As the UN celebrates its 70th year and rolls up its sleeves to work towards the Sustainable Development Goals, there has been a growing movement for a bottoms-up approach to development – most notably through the various innovative interventions being tested by hubs across different UN programmes. Students from Columbia University’s School of International and Public Affairs are eager to learn more about how UNDP, UNICEF, UN Women, and UNHCR are investing in disruptive approaches to achieving their individual goals.
Benjamin Kumpf, UNDP Innovation Facility – Follow @bkumpf
Benjamin Kumpf joined UNDP in 2009. He is a Policy Specialist for Innovation in UNDP’s Bureau for Policy and Programme Support. He explores topics such as behavioral insights, human-centered design, big data and other practical ways to respond to complexity in development.
Ben is the Project Manager for UNDP’s Innovation Facility and connects new partners on the global level with UNDP offices to change business as usual.
Prior to his role with the Innovation Facility, he worked in UNDP’s Gender Team on Knowledge Management and Innovation. He helped shape the design of UNDP’s Gender Equality Seal initiative, a corporate certification process to incentive good performance in gender mainstreaming in programming and institutional arrangements in UNDP Country Offices. In his role, Ben also supported the design of the citizen engagement campaign for the Rio+20 Conference on Sustainable Development and facilitated the global dialogue on food security.
Previously, he worked for the German International Cooperation (GIZ) in Rwanda and Nepal and as a GIZ-seconded expert for Knowledge Management and Communications for the International Crops Research Institute for the Semi-Arid Tropics in Hyderabad, India.
Ben has a Master’s degree in Political Science and Psychology from the University of Heidelberg and a certification in Organization Management from New York University.
Milja Laasko, UNICEF Innovation Unit – Follow @LaaksoMilja
Milja Laasko joined UNICEF in 2013. She is currently a Programme Officer, focused on Networks and Communities in UNICEF’s Innovation Unit.
Prior to this role, Milja worked with UNICEF in Nicaragra for two years. During that time, she led the co-creation of a Regional Policy for indigenous Children, guiding regional authorities to apply Human Centered Design approach into policy-making. She also tested innovative approaches to children’s participation in policy-making through photography and story-telling, resulting hidden themes unveiled by children adapted high on policy agenda. Milja also headed the UNICEF sub-office in Bluefields.
Previously, she worked for Save the Children- for over 4 years, refining the Children’s Guardianship programme in Findland, and also worked with the Finnish Embassy in Mexico.
Milja has a Master’s degree in Political History, Development Studies, and Latin American Studies from the University of Helsinki.
Diana Rusu, UN Women – Follow @Rusu_D
Diana Rusu is an enthusiastic International Affairs professional with knowledge and expertise in implementing international development projects, advocacy, knowledge management, online and integrated communications. She is passionate about gender equality, social justice and innovations.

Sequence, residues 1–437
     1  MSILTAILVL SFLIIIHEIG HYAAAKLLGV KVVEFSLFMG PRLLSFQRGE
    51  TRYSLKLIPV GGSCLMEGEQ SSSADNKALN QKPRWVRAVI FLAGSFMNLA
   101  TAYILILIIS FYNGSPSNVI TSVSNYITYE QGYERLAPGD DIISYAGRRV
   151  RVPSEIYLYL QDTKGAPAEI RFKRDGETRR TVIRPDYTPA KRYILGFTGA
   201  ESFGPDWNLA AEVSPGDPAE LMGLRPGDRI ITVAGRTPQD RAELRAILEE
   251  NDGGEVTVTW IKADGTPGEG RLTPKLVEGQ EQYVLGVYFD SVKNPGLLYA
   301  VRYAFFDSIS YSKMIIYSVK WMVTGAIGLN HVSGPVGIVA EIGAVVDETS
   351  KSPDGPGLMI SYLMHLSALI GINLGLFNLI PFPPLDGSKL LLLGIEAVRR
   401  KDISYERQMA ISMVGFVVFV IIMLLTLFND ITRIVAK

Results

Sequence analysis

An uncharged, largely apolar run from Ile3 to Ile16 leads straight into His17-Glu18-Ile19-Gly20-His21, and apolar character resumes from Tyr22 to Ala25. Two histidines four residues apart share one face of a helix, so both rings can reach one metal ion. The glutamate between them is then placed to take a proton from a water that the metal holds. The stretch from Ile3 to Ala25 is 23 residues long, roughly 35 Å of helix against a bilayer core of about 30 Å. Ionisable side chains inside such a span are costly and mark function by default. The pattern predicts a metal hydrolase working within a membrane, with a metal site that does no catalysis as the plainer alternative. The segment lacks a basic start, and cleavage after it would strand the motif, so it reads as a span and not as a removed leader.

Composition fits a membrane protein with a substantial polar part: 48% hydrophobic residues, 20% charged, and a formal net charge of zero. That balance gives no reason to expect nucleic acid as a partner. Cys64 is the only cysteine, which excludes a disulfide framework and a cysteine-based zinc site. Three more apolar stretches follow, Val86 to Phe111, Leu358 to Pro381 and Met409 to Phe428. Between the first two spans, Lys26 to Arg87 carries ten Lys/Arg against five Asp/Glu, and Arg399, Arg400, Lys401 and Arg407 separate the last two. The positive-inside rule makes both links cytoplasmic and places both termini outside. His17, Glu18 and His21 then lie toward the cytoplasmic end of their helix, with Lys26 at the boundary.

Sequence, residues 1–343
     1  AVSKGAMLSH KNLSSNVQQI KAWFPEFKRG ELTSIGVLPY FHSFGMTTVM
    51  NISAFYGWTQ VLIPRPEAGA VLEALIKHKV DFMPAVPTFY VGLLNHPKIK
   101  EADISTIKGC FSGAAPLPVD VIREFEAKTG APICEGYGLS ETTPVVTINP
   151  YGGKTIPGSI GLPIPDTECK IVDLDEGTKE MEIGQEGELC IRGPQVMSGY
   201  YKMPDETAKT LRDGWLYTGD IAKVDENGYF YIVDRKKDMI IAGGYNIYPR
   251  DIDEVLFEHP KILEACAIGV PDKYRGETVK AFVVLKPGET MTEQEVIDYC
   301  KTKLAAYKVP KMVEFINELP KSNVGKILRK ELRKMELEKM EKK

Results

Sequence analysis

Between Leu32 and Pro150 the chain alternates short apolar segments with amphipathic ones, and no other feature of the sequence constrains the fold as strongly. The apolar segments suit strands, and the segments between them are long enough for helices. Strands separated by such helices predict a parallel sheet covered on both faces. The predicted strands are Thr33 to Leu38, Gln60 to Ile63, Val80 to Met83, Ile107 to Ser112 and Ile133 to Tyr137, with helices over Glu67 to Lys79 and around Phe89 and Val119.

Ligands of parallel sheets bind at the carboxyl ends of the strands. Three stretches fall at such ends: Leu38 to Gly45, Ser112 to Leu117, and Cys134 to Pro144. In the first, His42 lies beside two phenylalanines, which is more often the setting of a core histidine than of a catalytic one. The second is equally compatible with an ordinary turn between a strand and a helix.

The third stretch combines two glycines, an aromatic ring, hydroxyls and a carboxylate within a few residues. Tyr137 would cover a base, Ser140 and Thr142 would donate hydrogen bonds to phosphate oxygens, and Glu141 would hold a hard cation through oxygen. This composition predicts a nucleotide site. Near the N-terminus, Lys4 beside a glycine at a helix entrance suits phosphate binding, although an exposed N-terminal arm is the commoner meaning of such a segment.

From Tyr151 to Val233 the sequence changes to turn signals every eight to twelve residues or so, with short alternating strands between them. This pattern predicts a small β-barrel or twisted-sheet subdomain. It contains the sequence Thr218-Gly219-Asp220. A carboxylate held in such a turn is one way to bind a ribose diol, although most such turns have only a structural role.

At UN Women, Diana curates information, leading practices and inspiring stories to economically empower women all over the world. She is the Community and Knowledge Management Specialist within the UN Women’s Empower Women Team by day, amateur runner, and spinner by night .
Diana is a graduate of The New School, Julien J. Studley Graduate Program in International Affairs, Development Economics. Prior to her move to New York, Diana worked with various agencies in Moldova, including the Academy of Science: Institute of Economy, Finance, and Statistics; USAID; and UNDP.
Professor Daniel Naujoks – Follow @danaujoks
Daniel Naujoks focuses primarily on issues related to international migration and development and homeland-diaspora relations. He further concentrates on international development, transnational studies, gender, the economic impact of migration, normative citizenship theory, disverse societies, as well as on questions of inclusion and exclusion in host countries.
He has published widely on the effects of migration on social, economic and political development, ethnic identity and the role and genesis of public policies. His book ‘Migration, Citizenship, and Development. Diasporic Membership Policies and Overseas Indians in the United States’ (2013, Oxford University Press) examines how country-of-origin citizenship affects migrants activities and attitudes, such as naturalization, remittances, investment, philanthropy, return migration, political lobbying, and transnational belonging.
Daniel has been working on development, migration, and population affairs at the United Nations Development Programme (UNDP), EC-UN Joint Migration and Development Initiative (JMDI), the UN Population Division, UNICEF and the International Labour Organization (ILO). He also serves as the Research Coordinator for the Organisation for Diaspora Initiatives (ODI), New Delhi.
The regional focus of his academic is South Asia, the U.S. and Europe. However, he has conducted analyses and led projects in South America, North and West Africa, as well as in South-East Asia.
Daniel holds a Ph.D. in political science and political economy from the University of Münster and a law degree from Humboldt University in Berlin.